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A fresh approach to value investing in
undiscovered, quality businesses.

2Q20  NANO-CAP UPDATE

The end of each financial quarter is a busy time for us as many of our portfolio companies release an update of their activities and cashflows. Some new ideas can also be generated by trawling through the numerous reports released.

 

Finding highlights from this quarterly reporting season was difficult as many of the companies we follow failed to grow their revenues/receipts at historical rates. This is similar to the broader market where we have already seen more downgrades than upgrades. We did however note positive outlooks for 2020, but we would like to see some evidence before initiating new positions. 

 

For this blog entry, we discuss three companies that are on our watchlist. In addition, in our January monthly update, we have highlighted three nano-caps in our portfolio that are cashflow positive with bright outlooks.

 

 

Collaborate Corporate (ASX:CL8) – market cap $16m

 

The shared economy has transformed the way we get around. Uber and its competitors have made owning a car less important through lower costs and convenience. But not all Uber drivers own their own car. In many cases, they lease their car from companies like Carly for under $200/wk.

 

Carly, along with DriveMyCar (a car sharing service), are owned by listed ASX nano-cap Collaborate.  In their recent 4c, the company highlighted receipts from customers increased by 20% over the September quarter. When we compare to the PCP, receipts growth is just 10%. The company burnt through over 600K of cash during the quarter but did secure additional funding in January.

 

The company has recently launched in NZ with cars supplied by a large second-hand dealer, Turners (TRA:AX). They have also reached an agreement with SG Fleet (SGF:AX) to provide cars. Both companies have injected capital into CL8 providing some credibility to the business case.

 

While we find the business model interesting, there is no shortage of competitors. This website highlights 8 companies offering the same sort of product. Hertz also provides a product designed for Uber drivers. We find this disconcerting as the viability of the business may well be determined by how deep the pockets are of their competitors' funders and their desire to gain market share.

 

CL8 is probably too early for DMXCP to invest at this point given it is cashflow negative and there is little visibility of when that might change.

 

 

 

iCollege (ASX:ICT) – market cap $21m

 

There are several small cap education providers on the ASX. These include Red Hill Education (RDH:AX), Academies Australia (AKG:AX), and UCW Limited (UCW:AX). One of the smaller providers is Icollege. ICT owns a portfolio of training institutions covering building and construction, hospitality, energy, healthcare, IT, and an international student recruitment company called Istudy. It also owns TestEd, an authorised Linguaskill agent in Australia for Cambridge Assessment English.

 

The company seems particularly excited about the TestEd opportunity with 50 customers already in their pipeline and potential for government regulation to force more testing of international students. They provided the following table of the opportunity.

 

 

Operationally, the company reached it first EBITDA profit in 1H20. Moving into 2H20, we should expect contributions from TestEd and the recently acquired Hacking School.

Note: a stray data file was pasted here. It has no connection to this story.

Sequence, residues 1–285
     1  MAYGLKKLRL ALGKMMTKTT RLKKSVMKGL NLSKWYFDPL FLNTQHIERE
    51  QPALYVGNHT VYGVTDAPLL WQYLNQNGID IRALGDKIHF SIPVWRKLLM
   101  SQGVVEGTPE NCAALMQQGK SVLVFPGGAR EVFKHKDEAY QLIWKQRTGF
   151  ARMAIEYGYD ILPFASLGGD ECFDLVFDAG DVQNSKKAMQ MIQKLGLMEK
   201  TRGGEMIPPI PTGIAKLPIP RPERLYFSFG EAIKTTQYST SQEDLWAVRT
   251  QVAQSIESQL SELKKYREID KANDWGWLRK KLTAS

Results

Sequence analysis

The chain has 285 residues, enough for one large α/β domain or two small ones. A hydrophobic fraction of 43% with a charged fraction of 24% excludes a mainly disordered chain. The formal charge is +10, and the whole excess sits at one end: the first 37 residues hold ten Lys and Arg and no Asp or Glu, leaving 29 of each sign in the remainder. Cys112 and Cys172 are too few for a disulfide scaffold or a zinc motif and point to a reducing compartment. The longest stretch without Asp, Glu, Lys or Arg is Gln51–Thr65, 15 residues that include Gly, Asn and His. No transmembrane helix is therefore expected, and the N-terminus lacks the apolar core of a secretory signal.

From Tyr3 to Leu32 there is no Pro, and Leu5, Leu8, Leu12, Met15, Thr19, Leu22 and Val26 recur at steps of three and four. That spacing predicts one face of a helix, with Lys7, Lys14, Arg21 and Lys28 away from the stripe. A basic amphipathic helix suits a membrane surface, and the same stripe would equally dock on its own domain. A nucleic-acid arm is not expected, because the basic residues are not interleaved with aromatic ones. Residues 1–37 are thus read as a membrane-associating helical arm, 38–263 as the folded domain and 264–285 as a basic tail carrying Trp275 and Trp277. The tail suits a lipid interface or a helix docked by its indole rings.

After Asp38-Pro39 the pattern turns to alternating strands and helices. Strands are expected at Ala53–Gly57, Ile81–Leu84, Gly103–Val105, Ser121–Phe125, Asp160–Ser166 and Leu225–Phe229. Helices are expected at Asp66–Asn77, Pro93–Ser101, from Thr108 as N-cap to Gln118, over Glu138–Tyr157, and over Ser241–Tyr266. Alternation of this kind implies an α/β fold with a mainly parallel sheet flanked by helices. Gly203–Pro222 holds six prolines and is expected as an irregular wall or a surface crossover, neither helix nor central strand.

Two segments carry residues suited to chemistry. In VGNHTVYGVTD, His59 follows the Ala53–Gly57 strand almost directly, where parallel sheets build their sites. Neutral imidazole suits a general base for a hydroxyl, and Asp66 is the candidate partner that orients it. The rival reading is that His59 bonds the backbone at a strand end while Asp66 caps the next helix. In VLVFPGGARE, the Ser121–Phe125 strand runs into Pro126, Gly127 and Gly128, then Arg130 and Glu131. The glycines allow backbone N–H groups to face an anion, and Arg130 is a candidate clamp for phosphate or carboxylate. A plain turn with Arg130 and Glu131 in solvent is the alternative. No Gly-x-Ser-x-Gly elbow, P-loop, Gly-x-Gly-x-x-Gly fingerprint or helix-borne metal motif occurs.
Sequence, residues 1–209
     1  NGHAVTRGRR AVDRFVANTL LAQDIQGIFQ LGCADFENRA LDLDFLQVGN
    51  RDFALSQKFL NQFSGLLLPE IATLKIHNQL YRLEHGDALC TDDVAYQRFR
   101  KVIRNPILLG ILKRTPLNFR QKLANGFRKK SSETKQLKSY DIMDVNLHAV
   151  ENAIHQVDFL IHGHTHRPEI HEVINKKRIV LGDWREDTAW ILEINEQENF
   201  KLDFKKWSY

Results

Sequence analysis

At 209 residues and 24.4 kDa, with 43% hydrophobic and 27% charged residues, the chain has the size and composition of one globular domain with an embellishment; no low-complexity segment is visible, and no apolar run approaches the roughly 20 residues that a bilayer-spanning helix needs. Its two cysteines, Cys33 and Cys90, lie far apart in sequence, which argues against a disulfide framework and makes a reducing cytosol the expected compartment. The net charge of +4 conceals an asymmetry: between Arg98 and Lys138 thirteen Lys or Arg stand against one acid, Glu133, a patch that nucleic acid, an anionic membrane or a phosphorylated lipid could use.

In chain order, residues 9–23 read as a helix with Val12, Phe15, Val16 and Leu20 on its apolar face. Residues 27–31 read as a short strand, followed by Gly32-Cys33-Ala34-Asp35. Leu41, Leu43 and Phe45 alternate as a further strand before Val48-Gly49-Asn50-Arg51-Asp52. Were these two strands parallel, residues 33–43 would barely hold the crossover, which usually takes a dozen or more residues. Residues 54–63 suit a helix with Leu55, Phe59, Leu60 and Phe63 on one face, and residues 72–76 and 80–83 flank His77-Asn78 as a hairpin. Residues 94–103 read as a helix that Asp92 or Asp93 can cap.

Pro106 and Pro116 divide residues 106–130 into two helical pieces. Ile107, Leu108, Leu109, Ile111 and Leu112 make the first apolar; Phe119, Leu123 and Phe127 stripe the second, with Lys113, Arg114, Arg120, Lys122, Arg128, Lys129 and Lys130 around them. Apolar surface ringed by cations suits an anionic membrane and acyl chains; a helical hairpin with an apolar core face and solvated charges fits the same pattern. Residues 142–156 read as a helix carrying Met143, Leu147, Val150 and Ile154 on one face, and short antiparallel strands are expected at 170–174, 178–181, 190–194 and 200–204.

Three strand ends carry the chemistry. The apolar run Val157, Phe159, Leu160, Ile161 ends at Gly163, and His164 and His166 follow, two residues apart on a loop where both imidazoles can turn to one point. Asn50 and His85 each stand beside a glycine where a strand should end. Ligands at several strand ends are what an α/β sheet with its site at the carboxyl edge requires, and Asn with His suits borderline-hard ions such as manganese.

Looking across the peer group, ICT is the minnow when it comes to revenue. As we have seen with UCW, EBITDA growth accelerates when they pass $20m in revenues, so ICT is one to watch. For now, our portfolio already contains UCW and AKG and we believe they provide better investment cases, so we will leave this on the watchlist for the time being.

 

 

Ambertech (ASX:AMO) – market cap $6.6m ($4m debt)

 

Distribution companies are generally considered average businesses with little in the way of competitive advantages.  There are exceptions with DDR and EBO showing that well managed companies can succeed in the sector. Given their revenue track record, Ambertech, a distributor of Audio Visual products, appears to be an average business. 

 

 

 

Last year the company made a significant acquisition with the purchase of the Hills AV business supported by a capital raise at 11c. The main rational for the acquisition was the economies of scale the acquisition will bring to the group.  Ambertech expects revenue and EBIT of approximately $71.6m and $2.8m respectively in FY20, which includes 7 months contribution from Hills AV to the combined group. Ambertech also expects revenue and EBIT of $43.2m and $2.4m respectively in 1H FY21, including cost synergies. The Board has agreed to pay a final dividend going forward, targeting a pay-out ratio of between 45 – 55% which equates to a dividend of 1.2 cents per share in year 1 and 2.5 cents per share in year 2. This implies eps=5c in FY21. With the current share price of 8.7c, the company would be trading on a pe=1.74 and a dividend yield of 28%!

 

It seems too good to be true. These forecasts were presented prior to the company raising capital, so we should be sceptical. AMO was loss making in FY19 and Hills classed their AV business as “non-performing”, yet they are forecasting profits going forward.  The company does not have a history of issuing forecasts, so we can’t gain any confidence here.

This a dilemma that we often face as investors in companies with unproven track records. Do we accept company forecasts that support a very cheap story, or do we forgo the opportunity because we have concerns about the forecasts? We think a prudent approach is to wait for some evidence that the business is on the right track.

 

 

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